You can use NAT and PAT to have an internet access in those systems, even you can use ISA server or Untangle.
You would need, in addition to what else you have provided you have, a PAT supporting firewall. What is PAT? It stands for Port Address Translation. Very similar to NAT, it makes the translation based not only on addresses, but also on port numbers. This allows a many-to-one relationship between the internal users and the four public IPs.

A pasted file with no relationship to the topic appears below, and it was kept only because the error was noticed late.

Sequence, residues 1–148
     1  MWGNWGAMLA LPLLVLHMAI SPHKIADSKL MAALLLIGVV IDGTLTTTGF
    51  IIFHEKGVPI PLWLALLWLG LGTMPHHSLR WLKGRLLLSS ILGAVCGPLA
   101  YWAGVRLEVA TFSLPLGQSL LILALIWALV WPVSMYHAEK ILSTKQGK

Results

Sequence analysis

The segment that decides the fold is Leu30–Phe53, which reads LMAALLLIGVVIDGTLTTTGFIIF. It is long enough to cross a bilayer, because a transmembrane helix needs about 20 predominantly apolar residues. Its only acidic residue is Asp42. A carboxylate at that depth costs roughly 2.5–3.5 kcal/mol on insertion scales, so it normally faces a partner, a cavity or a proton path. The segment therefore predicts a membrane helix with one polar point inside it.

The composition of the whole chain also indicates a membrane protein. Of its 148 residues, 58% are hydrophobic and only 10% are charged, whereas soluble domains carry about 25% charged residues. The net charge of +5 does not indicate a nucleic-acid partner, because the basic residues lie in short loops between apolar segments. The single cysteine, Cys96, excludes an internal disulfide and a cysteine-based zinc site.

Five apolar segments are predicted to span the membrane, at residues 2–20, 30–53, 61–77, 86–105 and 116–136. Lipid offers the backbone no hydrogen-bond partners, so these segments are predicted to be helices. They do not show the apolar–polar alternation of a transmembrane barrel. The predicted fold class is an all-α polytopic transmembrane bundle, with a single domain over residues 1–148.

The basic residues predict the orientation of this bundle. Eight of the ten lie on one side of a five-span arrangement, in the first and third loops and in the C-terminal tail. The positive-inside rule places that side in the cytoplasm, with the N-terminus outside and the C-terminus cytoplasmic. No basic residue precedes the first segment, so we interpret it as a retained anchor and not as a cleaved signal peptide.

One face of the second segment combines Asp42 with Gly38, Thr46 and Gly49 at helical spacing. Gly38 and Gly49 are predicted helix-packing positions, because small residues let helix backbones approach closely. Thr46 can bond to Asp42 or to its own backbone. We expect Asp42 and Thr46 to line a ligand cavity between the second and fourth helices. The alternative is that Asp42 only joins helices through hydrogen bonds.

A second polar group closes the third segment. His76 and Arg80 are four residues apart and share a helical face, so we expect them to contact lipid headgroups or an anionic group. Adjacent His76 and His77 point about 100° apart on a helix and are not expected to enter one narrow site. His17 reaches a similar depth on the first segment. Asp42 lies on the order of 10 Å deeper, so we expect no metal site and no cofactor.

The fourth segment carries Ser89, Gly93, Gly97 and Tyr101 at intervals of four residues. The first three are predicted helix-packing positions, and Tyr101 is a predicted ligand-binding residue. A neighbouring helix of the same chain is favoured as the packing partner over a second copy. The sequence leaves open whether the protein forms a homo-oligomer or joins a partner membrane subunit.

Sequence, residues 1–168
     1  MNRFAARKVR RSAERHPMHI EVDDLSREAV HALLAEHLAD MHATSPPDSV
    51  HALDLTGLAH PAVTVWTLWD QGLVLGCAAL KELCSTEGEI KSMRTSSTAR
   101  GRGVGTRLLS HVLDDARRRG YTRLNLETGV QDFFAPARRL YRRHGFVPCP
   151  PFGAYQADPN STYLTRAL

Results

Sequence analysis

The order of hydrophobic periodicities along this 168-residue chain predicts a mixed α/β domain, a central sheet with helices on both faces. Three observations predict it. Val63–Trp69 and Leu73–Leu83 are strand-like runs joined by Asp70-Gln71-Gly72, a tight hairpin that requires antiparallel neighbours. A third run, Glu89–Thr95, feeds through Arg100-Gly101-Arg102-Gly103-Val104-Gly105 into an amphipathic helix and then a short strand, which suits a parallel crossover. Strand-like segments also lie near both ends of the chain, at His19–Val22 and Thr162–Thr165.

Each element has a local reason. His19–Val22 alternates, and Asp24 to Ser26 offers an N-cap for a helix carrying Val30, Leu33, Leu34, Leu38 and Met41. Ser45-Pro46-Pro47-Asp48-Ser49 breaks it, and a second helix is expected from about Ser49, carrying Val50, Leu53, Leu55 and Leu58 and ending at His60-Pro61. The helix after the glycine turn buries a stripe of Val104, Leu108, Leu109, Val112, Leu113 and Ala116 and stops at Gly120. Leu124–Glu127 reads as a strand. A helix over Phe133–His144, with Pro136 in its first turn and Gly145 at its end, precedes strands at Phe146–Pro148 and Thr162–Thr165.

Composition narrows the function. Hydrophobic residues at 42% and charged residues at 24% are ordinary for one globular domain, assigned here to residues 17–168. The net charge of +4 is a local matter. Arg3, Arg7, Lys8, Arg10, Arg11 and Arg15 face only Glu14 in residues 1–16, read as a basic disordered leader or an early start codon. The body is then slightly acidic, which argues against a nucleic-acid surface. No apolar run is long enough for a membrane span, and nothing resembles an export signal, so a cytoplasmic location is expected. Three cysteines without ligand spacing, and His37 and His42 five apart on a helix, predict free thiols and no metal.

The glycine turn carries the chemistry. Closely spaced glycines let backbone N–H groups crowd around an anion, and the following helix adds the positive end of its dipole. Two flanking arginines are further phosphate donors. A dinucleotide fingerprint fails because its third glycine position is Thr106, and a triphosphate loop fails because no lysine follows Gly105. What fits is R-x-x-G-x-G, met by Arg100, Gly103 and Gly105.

This is really simple: Get a router and/or some switches. ONE public IP can be used on the router interface connected to the ISP, whereas another router interface can be wired into an internal switch or switches, which in turn connect as many devices as you need.
The IP range you’re using on the “internal network” can’t be routed over the internet (per RFC 1918), so the router – whose JOB is to move traffic from one network to another – will allow all of your connected PC’s to flow in/out of the ONE PUBLIC IP (using the magic of NAT/PAT as mentioned above)…